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How To Fix (Easily) The CLS Core Web Vital on Blogspot/Blogger Blogs

So you're passing your site through Google's PageSpeed Insights and you notice a big red "Failed" on your Core Web Vitals segment for mobile performance. You start going into a panic, you remember that time you flunked your biology test and it all comes rushing back. Well, one of the main culprits in the case of the Core Web Vital's failure will likely be your score in regards to the CLS, or Cumulative Layout Shift.

Today, we're going to dive in to explain to you how you can fix this metric with a Blogspot/Blogger blog to improve upon your core web vitals so that you can also improve your rankings. It's important to note that this is not the only metric considered within the Core Web Vitals but, as its name suggests, it's one of the "Vital" ones according to Google.

So, what is the CLS anyhow?

Cumulative Layout Shift (CLS) is a web performance metric that measures the visual stability of a page. Specifically, it quantifies how much unexpected layout shift occurs as a page loads and while the user interacts with it. Unexpected layout shifts can be jarring for users, making it difficult for them to interact with a page, so a lower CLS score indicates a more stable page from a user's perspective.

Here's how CLS works:

Layout Shift Score: Every time an element on the page changes its visual position, a layout shift score is calculated for that individual shift. The score is a product of two factors:

Impact Fraction: The percentage of the viewport that was displaced during the shift.

Distance Fraction: The distance the unstable element has moved, relative to the viewport's largest dimension (usually the height on mobile devices and width on desktop).

Cumulative Score: Over the lifecycle of the page, each individual layout shift score is added together to get the "cumulative" layout shift score. This total is the CLS.

How Do I Quickly Fix This Issue So That It Doesn't Bring Down My Rankings?

And believe me, it does. Want some proof, here you go: 

As you can see, at some point in July, Google decided they'd had enough with me not fixing my CLS, and in the middle of growing another site they shifted my status from >400 quick pages to <40 quick pages, just like that.

So, what do I do? I head to Google Page Speed Insights and I start running tests. It's no secret to anyone reading this that Blogger allows for little improvement to its source code so I needed to be creative and work on what I could fix. Then, I started noticing this when clicking on the CLS potential improvements:

Google was saying (wrongfully I should add) that my images didn't have a height and width defined. They do, they all do, they always have had this feature. But what's the problem?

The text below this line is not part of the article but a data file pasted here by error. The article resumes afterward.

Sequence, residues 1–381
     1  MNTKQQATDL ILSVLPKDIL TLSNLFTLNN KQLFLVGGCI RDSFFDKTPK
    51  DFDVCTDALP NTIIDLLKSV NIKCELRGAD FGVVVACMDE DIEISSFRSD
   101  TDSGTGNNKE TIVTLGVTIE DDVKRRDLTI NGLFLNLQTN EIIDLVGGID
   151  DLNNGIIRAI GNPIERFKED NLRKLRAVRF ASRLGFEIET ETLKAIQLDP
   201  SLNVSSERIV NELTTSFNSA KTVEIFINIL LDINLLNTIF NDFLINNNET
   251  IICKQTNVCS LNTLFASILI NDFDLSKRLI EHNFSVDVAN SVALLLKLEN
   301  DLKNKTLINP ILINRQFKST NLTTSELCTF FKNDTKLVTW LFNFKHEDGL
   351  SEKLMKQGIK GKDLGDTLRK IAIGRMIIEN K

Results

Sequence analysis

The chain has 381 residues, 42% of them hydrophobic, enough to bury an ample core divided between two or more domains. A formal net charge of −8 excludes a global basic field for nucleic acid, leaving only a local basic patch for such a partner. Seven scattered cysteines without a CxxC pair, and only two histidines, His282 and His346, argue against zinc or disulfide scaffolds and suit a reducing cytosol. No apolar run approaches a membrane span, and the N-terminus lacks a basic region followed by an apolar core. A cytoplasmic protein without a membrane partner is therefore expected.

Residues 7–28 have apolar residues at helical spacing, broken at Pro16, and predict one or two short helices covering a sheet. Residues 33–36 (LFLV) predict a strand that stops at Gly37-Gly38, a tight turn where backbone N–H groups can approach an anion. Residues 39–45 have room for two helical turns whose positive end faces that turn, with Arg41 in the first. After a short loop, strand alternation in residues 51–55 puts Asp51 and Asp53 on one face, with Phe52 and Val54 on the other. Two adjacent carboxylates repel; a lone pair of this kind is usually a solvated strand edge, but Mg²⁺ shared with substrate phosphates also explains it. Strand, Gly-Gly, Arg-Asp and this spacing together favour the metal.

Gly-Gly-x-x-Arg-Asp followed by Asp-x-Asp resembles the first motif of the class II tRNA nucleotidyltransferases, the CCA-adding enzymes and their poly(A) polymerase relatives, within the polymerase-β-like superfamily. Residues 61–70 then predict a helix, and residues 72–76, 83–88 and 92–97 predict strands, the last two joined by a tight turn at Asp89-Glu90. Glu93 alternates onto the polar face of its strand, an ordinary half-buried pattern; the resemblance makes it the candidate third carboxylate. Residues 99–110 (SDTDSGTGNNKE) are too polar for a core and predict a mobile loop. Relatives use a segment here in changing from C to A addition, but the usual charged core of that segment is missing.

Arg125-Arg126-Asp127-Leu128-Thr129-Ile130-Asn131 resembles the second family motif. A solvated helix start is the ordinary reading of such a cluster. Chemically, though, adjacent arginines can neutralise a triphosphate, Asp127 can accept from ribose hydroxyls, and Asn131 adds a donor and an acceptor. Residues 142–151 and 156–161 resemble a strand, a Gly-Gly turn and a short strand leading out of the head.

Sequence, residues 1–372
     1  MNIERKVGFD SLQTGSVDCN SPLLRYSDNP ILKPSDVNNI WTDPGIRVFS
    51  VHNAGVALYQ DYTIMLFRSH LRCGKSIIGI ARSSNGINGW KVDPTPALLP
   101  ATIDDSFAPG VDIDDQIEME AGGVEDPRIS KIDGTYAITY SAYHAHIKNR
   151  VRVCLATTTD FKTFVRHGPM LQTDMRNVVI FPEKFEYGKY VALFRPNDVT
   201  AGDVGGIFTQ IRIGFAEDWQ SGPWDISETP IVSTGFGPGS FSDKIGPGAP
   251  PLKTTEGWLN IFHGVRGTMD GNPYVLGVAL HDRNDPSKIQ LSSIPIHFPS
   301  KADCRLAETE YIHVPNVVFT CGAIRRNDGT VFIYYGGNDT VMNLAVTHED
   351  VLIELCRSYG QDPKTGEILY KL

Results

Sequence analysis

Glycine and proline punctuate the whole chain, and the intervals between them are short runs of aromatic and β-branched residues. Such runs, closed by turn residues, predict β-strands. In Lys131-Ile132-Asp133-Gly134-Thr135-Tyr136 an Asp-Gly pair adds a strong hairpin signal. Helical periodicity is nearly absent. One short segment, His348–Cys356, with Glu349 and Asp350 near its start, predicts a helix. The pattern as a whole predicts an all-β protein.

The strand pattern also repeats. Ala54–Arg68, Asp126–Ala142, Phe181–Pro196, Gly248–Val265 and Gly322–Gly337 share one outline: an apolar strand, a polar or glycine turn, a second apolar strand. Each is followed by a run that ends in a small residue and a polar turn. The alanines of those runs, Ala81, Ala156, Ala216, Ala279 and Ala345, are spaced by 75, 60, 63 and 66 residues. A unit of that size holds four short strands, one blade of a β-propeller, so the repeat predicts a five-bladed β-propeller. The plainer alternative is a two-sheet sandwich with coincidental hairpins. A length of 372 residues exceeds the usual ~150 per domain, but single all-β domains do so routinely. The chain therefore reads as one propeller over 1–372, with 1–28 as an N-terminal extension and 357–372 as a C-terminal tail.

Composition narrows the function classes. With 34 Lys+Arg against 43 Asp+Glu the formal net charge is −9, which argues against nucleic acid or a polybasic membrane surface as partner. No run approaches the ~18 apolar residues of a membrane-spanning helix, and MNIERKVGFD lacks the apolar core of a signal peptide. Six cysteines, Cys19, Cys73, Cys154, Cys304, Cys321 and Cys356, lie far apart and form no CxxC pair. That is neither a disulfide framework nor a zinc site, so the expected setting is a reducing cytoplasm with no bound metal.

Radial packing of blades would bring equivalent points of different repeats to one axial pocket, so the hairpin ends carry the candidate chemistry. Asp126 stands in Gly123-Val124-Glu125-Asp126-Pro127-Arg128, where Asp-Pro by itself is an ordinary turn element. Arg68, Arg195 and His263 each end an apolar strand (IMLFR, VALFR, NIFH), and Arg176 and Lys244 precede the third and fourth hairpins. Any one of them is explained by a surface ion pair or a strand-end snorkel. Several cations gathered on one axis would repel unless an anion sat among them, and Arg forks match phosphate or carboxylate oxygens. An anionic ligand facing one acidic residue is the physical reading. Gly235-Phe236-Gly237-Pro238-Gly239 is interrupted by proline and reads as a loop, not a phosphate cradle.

Well the problem is that the tag that Blogger itself uses to define these properties is not the standard height and width but rather their own tag that says "original-data-height:" and "original-data-width:". This got me thinking. Is it possible that that's the error? That Google isn't interpreting its very own tags?

You guessed it! That's exactly what the issue was. So how do I fix this? Well, simply, you head over to your articles and remove the "original-data-" part of the equation. If you've got lots of pages or lots of images I would suggest using a code editor where you can replace "original-data" with "" A.K.A: nothing.

But don't take my word for it. Let's try it out! Here's an image of an article where I didn't correct the CLS, I didn't correct the images tags on the posts or the header:

As you can see, the cumulative layout shift is in the red. Therefore the next step is to fix the images on that post by removing the "original-data-". I remove this and this but the result is still bad: 0.17 (sorry, no screenshot, went to fast). So what's the problem? My header.

The header widget, on Blogger doesn't use the tags, it uses its own tags. It also doesn't allow for customization so I had to be a little bit creative (I'll admit I just removed the header altogether for a while until I could figure out next steps). What if...instead of using the header widget whose properties I can't control I used a widget that did give me control of the tags; enter THE HTML Widget.

So what do you do? Simple, head over to layout and remove the Header Widget. I know, I was scared to do this too at first. 

After doing that I uploaded the image of the logo to a draft article, removed the "original-data-" complements to height and width and copied it to a new HTML widget, and then placed that widget exactly where the header used to be.

Finally, after doing that I needed to make sure it would appear on mobile so I went over to the HTML code under Theme>Edit HTML.

Then I found the HTML widget amongst the list of widgets (it will be the last HTML element you've added as they go in ascending order, in my case HTML7) and I added a line to the b:widget tag, I added "mobile='yes'" which means that the image will be shown on mobile as well. 

And finally, after all that hassle, here's what my metrics look for the same article I used for this demonstration:

The CLS score is perfect. Nothing is moving on the site, everything is good in the world and my overall performance score for this one post went from an orange 83 to a hopeful 95 green.

And that's it! Hope this guide will help someone out so that they don't have to go through everything I went through when figuring this out. Now, If you excuse me, I need to remove the "original-data-" tags on this post before I hit publish ;).